Rethinking “Catholic Reform” and “Counter-Reformation”: What Happened in Early Modern Catholicism—a View from Italy

in Journal of Early Modern History
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There are now a number of ways to describe the phenomena which come under the umbrella of innovations in Roman Catholicism in the early modern period including “Counter Reformation”; “Catholic Reformation” and “Early Modern Catholicism.” After a brief survey of the various labels used by scholars over the last half century or more, this article seeks to rehabilitate the use of the label “Counter Reformation” in the light, particularly, of the determining role played by the Holy Office (aka Roman Inquisition) in shaping the Catholic Church down to Vatican ii (1962-65). A key role in this was played by Gian Pietro Carafa, who was made head of the congregation of the Holy Office at its foundation in 1542 and who became pope as Paul iv in 1555. During the key decades from the 1540s to 1570s the Inquisition in Rome set the agenda and by means, not only, of a series of trials of prominent members of the clerical establishment whom they regarded as their enemies, succeeded in intimidating their opponents. In doing so they also subverted episcopal authority, whose strengthening had been a watchword at the Council of Trent.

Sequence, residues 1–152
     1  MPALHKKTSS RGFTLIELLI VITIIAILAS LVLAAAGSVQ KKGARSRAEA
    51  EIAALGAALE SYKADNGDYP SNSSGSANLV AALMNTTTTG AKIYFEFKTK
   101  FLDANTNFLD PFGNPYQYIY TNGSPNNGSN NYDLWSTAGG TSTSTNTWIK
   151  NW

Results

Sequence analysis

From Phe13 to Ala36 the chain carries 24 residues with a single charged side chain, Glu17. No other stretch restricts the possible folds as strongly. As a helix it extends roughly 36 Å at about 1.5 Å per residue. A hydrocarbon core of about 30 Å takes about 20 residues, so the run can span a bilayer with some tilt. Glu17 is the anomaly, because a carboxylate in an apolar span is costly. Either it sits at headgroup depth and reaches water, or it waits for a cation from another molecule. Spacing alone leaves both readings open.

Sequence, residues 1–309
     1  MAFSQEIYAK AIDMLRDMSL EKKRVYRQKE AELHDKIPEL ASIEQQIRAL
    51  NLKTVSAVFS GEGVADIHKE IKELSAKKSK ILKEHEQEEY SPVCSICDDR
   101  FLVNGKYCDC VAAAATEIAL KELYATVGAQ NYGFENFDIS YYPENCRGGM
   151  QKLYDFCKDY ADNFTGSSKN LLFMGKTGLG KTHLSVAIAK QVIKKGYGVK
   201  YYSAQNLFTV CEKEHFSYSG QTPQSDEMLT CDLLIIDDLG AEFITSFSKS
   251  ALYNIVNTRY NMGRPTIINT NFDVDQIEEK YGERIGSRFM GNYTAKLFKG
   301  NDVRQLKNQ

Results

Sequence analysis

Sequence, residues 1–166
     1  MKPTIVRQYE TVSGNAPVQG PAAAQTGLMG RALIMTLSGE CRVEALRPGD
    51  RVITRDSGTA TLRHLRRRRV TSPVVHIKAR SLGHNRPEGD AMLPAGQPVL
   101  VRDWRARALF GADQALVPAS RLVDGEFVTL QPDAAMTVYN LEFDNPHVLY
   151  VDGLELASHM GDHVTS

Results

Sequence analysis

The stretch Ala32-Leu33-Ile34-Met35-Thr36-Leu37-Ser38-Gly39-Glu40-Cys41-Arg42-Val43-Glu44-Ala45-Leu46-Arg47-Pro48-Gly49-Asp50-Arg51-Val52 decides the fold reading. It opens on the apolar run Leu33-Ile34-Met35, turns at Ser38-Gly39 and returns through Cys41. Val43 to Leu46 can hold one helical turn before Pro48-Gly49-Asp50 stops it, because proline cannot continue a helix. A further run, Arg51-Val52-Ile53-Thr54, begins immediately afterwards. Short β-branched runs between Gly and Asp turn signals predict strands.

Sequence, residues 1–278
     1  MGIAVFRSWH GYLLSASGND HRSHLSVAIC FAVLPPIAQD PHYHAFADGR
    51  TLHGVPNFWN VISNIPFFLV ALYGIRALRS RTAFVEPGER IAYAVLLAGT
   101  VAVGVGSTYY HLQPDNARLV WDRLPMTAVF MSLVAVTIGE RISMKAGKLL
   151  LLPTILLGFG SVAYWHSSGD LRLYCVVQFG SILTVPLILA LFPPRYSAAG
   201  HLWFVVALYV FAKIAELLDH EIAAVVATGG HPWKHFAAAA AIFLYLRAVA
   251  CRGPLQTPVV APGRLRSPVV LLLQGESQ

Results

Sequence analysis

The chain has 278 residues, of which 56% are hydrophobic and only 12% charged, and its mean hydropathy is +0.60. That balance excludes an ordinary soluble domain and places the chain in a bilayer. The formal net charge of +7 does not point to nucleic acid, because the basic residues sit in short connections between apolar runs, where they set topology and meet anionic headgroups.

Journal of Early Modern History

Contacts, Comparisons, Contrasts. Early Modernity Viewed from a World-Historical Perspective




Kathleen M. Comerford, “The Future of Sixteenth Century Studies, or, Nostradamus Speaks in Many Voices,” Sixteenth Century Journal, 40 (2009): 177.


Gigliola Fragnito, “Aspetti della censura ecclesiastica nell’Europa della Controriforma. L’edizione parigina delle opere di Gasparo Contarini,” Rivista di storia e letteratura religiosa, 21 (1985): 3-48.


Claudio Donati, “Vescovi e diocesi d’Italia dall’età post-tridentina alla caduta dell’Antico Regime,” in Clero e società nell’Italia moderna, ed. Mario Rosa (Rome-Bari, 1992), 320-89, in particular 349; and also by Donati: “Chiesa italiana e vescovi d’Italia dal XVI al XVIII secolo. Tra interpretazioni storiografiche e prospettive di ricerca,” Annali dell’Istituto storico italo-germanico di Trento, 30 (2004): 375-89, in which episcopal initiatives are characterised “more by their absence than their presence” (385). Numerous further examples of this state of affairs can be found in the several essays of Mario Rosa collected in: La Curia romana nell’età moderna. Istituzioni, cultura, carriere (Rome, 2013).


Firpo, Vittore Soranzo vescovo ed eretico, 167-68, 477.


Peter J. Laven, “The «Causa» Grimani and its Political Overtones,” The Journal of Religious History, 4 (1967): 184-205, in particular 204.


Prosperi, Tribunali della coscienza, 134.


Firpo, La presa di potere, 118.


Paolo Simoncelli, “Inquisizione romana e Riforma in Italia,” Rivista storica italiana, 100 (1988): 5-125.


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